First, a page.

|Apply within -16 days|
|Co-development camp: May 28, 2018 - May 30, 2018|
|1500 € + 1-3 x 20000€ pilots|
Congratulations to the 6 teams joining us in VAT the Hack!
Åland’s unique position as an outsider to both Finnish and European VAT area is creating pains to the Åland consumers and thus slowing down the island’s participation in the present digital retail-revolution. Through Åland’s very first societal innovation challenge, the government is looking to explore possibilities to speed up digitalization and at the same time ease the hassles with online shopping for Ålanders. Online shopping is being hindered by complex taxation and customs practices. The online retailers’ unawareness of the taxation laws (and fear of breaking them) creates additional and unnecessary obstacles. This specific challenge was pinpointed and selected by the inhabitants of the Åland Islands for you to solve.
The Åland Islands are situated between Sweden and Finland. They constitute an autonomous and monolingual Swedish speaking region of Finland with its own flag. Åland has its own stamps and internet top-level domain (.ax).
Åland has more than 29,000 inhabitants and approx. 11,500 of them live in Åland’s only town, Mariehamn. The town was founded in 1861 and is today the commercial and political centre. (See the Åland islands.)
Åland’s autonomy gives the right to pass laws in areas relating to the internal affairs of the region and to exercise its own budgetary power. Åland’s legislature, its parliament, is known as Lagtinget. The Parliament appoints the regional Åland Government – Landskapsregeringen.
Åland’s autonomy is regulated by the Act on the Autonomy of Åland passed by the Parliament of Finland. An amendment of the Autonomy Act must follow the same legislative procedure as constitutional amendments but requires the consent of the Parliament of Åland. The division of power between Åland and Finland can thus only be changed on a consensual basis.
Åland has a very unique position as being a member of the EU, but an outsider to both the Finnish and the European Union’s value added tax area. This position dates back to the time when Åland (along with Finland) joined the EU. Staying outside the Tax-border secured the vital ferry traffic connecting Åland to mainland Finland, Sweden and Estonia.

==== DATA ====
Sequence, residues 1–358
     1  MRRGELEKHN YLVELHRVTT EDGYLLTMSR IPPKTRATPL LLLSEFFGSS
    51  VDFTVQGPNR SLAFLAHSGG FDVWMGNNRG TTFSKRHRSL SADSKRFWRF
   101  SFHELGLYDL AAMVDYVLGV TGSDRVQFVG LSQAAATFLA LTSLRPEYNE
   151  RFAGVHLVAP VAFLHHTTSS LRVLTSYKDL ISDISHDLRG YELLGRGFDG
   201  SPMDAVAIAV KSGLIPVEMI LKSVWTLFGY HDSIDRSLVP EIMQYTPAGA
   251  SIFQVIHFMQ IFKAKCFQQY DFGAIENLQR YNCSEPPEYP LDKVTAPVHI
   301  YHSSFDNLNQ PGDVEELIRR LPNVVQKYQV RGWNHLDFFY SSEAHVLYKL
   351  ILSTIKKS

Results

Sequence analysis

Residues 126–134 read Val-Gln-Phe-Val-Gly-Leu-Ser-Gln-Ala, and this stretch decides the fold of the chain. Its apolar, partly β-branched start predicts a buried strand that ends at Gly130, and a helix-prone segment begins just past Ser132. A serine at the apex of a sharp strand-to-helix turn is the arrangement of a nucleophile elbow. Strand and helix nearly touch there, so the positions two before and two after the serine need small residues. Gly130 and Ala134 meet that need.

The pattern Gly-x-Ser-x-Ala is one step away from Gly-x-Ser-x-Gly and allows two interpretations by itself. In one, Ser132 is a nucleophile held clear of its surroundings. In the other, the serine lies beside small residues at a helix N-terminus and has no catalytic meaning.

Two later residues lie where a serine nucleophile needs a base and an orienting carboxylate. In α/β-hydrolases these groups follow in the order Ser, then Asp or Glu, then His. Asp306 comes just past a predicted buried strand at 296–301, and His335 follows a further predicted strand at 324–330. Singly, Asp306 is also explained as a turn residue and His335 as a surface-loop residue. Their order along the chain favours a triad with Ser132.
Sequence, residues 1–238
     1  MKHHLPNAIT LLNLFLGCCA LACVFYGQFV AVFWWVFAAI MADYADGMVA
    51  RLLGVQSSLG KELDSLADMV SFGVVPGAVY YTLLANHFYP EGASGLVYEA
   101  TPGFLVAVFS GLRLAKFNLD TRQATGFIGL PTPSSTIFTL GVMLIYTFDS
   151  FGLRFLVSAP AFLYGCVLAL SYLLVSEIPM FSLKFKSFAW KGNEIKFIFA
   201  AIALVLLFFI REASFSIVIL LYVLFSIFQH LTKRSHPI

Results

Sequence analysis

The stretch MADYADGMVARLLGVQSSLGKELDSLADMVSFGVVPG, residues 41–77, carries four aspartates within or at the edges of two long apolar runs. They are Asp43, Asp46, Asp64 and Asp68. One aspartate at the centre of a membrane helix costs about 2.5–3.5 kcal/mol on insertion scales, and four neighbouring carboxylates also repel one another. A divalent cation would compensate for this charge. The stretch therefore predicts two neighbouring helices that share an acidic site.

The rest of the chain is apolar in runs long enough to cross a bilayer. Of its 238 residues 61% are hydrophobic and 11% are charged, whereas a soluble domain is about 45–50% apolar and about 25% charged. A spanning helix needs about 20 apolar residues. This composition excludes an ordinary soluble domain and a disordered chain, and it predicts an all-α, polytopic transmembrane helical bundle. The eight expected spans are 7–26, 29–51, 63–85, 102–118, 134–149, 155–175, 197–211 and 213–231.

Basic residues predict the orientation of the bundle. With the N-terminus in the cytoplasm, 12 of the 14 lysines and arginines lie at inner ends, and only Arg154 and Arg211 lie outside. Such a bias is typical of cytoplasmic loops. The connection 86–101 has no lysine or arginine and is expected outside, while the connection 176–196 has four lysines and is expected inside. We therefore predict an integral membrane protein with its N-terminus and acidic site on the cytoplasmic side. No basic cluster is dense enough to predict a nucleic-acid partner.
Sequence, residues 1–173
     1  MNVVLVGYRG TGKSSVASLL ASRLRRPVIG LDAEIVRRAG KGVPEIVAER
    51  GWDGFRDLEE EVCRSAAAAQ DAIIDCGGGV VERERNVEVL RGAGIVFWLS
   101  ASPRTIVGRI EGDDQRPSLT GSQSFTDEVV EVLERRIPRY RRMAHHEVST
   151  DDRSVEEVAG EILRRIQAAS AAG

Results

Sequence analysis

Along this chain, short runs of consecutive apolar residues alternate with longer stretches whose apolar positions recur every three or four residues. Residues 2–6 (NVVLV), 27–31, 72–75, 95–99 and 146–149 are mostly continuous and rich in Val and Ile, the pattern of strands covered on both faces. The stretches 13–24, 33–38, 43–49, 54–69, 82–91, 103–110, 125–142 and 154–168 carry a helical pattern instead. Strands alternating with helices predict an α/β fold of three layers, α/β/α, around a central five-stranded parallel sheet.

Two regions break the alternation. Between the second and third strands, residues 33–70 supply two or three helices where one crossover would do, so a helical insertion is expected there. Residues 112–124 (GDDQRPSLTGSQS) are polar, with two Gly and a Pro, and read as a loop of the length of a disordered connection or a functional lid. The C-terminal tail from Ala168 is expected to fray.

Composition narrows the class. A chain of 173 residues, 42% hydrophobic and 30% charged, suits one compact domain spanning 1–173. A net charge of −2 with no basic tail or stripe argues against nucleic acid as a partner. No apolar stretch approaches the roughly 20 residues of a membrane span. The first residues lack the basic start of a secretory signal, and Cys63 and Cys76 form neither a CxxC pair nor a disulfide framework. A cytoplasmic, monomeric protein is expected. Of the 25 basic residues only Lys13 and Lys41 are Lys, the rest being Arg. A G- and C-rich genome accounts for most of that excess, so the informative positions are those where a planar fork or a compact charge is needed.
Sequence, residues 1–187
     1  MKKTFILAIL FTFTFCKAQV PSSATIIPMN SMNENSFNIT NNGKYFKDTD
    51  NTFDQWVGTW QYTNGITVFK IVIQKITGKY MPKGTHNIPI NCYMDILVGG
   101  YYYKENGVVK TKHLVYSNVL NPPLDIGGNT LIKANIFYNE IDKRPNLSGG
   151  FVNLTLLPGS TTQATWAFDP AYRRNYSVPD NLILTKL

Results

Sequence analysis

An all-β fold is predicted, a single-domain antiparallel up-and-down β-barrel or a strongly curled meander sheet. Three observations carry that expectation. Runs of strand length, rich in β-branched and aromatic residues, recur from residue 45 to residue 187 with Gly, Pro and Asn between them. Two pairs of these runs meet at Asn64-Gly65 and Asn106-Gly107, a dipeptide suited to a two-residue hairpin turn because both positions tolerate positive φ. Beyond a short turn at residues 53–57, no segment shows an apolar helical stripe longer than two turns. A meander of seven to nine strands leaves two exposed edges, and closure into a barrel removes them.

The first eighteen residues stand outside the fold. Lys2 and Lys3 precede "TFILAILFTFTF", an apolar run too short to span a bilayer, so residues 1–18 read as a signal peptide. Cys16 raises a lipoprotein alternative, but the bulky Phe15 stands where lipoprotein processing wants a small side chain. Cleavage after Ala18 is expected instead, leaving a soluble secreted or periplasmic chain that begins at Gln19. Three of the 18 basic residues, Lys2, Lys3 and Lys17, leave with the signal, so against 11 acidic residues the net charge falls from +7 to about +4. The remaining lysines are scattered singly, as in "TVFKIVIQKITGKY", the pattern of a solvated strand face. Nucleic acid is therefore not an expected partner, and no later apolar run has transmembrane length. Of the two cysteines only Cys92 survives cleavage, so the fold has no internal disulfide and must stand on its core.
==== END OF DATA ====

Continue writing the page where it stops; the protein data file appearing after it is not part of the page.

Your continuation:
The goal of the challenge – #VATtheHack – is to learn about and create new ways to speed up Åland’s digitalization, focusing on how to enable a thriving culture of online retail for the islanders despite of their unique position outside VAT areas.
Being a small community, the Åland consumers and their special challenges are easily forgotten by the big players. We believe new tech and design innovation can help find new, reasonable ways to help even the smallest of crowds. Can you come up with a solution to these everyday challenges the Ålanders face?
1. Improving customer experience for VAT handling
After buying products online, the Ålanders need to pay VAT to claim their deliveries from the customs even if the product carries paid VAT from Finland or EU. This needs to be done for every delivery individually, through a cumbersome process. Even though the Finnish Customs Administration is the counterpart here, Åland Post and Transmar are also acting agents for handling VAT payments on the islands. Is there something you can do to help them do it in a more consumer friendly way?
2. Promoting Ålandic import opportunities and regulations
Online retailers don’t know or understand that Åland is outside the Finnish and EU VAT-area, or that you should sell without VAT to Åland (that’s why Ålanders often pay double tax!) Traditional promotion to change this has been tried before, but is there some other, more clever way to transfer the information about an Åland customer’s special needs, obligations and rights to the retailers?
To help the development of proof-of-concepts during the challenge, we have reserved some key people and resources to support your work.
Mentors & Experts
Each team will be assigned with their own mentor from Åland government or other relevant party. There will also be experts from Åland Post and Tax Administration available to help the participating teams.
Additional links and info will be handed to the chosen teams.
The teams compete for pilot projects worth 20 000 euros. Each participating team will be paid a reward of 1500 eur. Rewards are paid against invoice after the team has presented their demo and the decisions on pilots have been made.
Teams’ work and final presentations will be judged to choose the teams and concepts to continue to the pilot phase with. The best concept(s) should therefore meet the following criteria:
The teams are expected to work full-time on the challenge during the co-development camp (3 days), and invest an estimated 1-2 day per person of their time in advance preparations.
After the Camp, the best teams chosen by the jury are expected to work on their pilot project (building and testing an MVP) with the mentor and present their learnings to a jury afterwords. This project will be defined and scheduled during and after the challenge.
Teams arrange and cover for their own traveling to Mariehamn for the co-development camp. Åland government reserves and provides hotel accommodation for everyone, as well as catering and facilities for working.
Apply with a team of 2-3 people. All applications will be reviewed after the deadline and all applicants will be informed by May 11th. 6-8 teams will be selected to join the challenge.
Ideas are free for everyone to use but the IPR for any software codebase or documents produced during the competition will stay with the team. The host has the first right of refusal to negotiate further collaboration with the team to purchase or continue working on the project initiated during the challenge.
Contact us through the chat below, or send an email to firstname.lastname@example.org
Cover photo: Ingmar Eriksson / VisitÅland